Recent media attention focusing on the multiple health benefits of time spent in the outdoors requires us all to ensure that our youngest children benefit from high quality outdoor provision. This, coupled with the fact that younger children are now spending longer time periods in child care settings, puts an even greater responsibility on all early years practitioners to plan and develop outdoor provision effectively. The words ‘outdoor provision in the early years’ will conjure up many different images in people’s minds depending upon their own prior experiences of early years outdoor environments. Outdoor Provision in the Early Years, edited by Jan White, explores these ideas in detail and sets out how shared visions and values for outdoor play can make a real difference in early years settings.
Book review written by Deborah Parker, FSF member and early years practitioner.
In 2004, a set of shared ‘Visions and Values’ for outdoor play were developed by a team of early years experts and Learning through Landscapes, the UK’s only charity specialising in outdoor learning and play in education (Vision & Values Partnership 2004). These 'Visions and Values' formed part of the Early Years Foundation Stage guidance (DCSF 2008). It would be interesting to consider how many early years settings actually use these values to help them to create high quality outdoor provision. And, how many current early years practitioners are aware of this guidance? We have a forum thread here to discuss this.
White’s book opens by encouraging practitioners to consider their own views and beliefs about the value of the outdoors environment for young children’s development. She explains how practitioners' own views will affect the outdoor provision and outdoor experiences they offer to the children in their care. She also identifies the need and importance of each early years setting having an agreed vision for their outdoor provision.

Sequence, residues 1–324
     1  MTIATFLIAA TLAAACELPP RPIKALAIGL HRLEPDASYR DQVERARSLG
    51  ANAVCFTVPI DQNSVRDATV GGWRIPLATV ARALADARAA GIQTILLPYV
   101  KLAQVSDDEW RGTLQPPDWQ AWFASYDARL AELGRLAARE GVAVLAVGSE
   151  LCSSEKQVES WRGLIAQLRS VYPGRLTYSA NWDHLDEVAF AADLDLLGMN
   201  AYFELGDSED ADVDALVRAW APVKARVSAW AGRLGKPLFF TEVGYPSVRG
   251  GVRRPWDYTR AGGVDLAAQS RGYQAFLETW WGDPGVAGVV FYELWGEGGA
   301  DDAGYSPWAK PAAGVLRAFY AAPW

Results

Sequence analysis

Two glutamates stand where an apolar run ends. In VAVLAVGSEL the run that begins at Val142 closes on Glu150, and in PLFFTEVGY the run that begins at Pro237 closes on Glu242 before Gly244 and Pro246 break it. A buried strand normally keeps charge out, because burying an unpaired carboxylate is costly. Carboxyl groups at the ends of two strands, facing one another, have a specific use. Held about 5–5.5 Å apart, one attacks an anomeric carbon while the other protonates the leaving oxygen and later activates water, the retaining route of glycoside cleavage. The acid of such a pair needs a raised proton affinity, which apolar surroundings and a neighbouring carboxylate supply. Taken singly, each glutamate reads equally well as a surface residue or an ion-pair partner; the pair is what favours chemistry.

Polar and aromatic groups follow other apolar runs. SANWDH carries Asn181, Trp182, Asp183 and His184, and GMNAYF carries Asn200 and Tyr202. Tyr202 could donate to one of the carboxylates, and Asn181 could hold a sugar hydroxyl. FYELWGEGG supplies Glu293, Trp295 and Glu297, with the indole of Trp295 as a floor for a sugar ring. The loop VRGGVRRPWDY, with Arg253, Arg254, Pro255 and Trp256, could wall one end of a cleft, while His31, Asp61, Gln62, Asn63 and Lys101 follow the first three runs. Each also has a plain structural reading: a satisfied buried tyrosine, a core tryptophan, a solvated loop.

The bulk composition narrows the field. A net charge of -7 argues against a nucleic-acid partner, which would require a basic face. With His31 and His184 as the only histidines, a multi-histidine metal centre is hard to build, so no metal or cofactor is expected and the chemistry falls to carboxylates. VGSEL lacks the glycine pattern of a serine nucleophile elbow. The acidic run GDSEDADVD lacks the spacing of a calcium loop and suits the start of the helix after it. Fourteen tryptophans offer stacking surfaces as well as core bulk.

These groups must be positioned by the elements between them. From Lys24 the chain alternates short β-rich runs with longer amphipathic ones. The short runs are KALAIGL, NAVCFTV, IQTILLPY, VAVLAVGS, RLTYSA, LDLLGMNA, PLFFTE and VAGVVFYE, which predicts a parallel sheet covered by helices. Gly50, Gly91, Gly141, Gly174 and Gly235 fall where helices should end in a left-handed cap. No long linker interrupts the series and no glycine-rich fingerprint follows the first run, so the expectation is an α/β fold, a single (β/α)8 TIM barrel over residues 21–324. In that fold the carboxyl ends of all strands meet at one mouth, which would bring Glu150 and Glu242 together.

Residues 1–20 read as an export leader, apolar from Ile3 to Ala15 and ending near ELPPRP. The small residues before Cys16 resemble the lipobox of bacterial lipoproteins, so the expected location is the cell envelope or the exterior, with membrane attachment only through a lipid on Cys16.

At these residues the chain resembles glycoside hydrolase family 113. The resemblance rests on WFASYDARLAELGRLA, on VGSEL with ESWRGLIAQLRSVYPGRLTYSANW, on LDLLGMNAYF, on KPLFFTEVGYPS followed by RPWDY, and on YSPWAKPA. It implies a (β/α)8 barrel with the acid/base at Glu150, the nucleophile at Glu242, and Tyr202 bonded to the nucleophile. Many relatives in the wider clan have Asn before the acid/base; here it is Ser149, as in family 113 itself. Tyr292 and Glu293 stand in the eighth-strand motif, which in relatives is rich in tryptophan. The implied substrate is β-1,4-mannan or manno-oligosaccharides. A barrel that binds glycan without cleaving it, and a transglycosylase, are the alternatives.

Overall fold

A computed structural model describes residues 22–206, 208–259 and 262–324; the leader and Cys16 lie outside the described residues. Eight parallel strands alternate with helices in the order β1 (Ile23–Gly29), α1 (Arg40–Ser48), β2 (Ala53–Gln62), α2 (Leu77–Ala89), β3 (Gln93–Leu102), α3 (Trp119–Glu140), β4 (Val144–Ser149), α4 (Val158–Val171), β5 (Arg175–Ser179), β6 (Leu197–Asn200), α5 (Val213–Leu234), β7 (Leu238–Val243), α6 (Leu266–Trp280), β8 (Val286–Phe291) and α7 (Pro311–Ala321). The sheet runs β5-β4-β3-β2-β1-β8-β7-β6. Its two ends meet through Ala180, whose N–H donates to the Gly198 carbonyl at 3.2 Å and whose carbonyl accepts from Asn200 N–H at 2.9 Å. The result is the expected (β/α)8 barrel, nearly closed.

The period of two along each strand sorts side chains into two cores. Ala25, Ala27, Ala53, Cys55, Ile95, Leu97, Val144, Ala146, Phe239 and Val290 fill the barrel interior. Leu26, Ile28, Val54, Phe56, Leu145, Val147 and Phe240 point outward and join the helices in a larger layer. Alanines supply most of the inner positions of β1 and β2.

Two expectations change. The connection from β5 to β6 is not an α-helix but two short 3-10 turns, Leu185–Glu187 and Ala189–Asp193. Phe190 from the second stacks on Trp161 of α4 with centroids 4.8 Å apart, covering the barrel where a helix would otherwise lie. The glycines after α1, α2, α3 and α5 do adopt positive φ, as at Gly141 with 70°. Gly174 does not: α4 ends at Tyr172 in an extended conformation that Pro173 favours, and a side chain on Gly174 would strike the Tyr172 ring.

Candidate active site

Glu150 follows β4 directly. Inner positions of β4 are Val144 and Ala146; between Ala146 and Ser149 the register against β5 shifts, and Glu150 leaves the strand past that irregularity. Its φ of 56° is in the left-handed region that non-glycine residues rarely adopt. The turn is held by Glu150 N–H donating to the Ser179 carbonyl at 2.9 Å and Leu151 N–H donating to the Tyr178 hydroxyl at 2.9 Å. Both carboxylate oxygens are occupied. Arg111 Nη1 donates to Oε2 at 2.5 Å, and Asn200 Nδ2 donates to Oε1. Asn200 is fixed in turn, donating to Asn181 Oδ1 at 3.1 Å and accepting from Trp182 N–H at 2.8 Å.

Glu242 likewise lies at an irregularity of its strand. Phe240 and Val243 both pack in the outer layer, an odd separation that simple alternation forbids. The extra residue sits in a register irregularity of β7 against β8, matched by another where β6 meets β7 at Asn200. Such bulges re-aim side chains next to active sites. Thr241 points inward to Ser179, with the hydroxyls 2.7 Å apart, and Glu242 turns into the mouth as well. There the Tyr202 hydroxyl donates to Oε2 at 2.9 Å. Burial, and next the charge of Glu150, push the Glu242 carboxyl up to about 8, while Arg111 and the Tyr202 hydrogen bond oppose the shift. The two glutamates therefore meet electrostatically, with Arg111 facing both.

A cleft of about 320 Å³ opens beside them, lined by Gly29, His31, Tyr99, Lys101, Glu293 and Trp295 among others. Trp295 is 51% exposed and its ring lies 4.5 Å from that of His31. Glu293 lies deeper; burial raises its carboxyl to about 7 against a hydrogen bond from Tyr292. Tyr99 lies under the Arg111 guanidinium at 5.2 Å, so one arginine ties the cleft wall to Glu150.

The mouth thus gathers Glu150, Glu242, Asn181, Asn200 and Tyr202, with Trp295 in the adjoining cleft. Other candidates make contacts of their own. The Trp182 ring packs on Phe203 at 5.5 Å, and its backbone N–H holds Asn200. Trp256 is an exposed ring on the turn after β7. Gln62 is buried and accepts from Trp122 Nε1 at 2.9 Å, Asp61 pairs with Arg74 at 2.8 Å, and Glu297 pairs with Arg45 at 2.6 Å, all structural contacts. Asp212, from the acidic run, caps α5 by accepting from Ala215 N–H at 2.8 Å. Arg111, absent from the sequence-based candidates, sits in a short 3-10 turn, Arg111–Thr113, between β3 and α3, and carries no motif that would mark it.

The book is clearly laid out and each of the ten chapters is written by a knowledgeable and experienced early years expert. For example, Ros Garrick, author of Playing Outdoors in the Early Years (Garrick 2009) and Liz Magraw, an advocate of the Forest School movement. Each author uses a combination of theory, research and case studies to help to support and illustrate the importance of the shared value their chapter explores. Each chapter begins by noting the shared value it will explore and ends with a ‘Key Messages’ summary box. If the content of one chapter is not of particular significance to you, reading the key messages box would still be a quick and useful way of gaining a better understanding of that individual shared value.
Although each chapter is written by a different author, with their own unique perspectives, it is very interesting to note the recurring factors that the multiple authors identify as being essential for providing high quality outdoor provision. As the book is read and these repetitions occur, it is not the need for expensive play equipment or toys that is identified as being essential for delivering high quality outdoor provision in the early years. Instead, the importance of having enthusiastic practitioners who act as facilitators, enablers and motivators for children’s play in the outdoors is mentioned time and time again. Having practitioners who truly believe in the value of outdoor play for young children’s holistic development is essential to a settings ability to deliver high quality outdoor provision.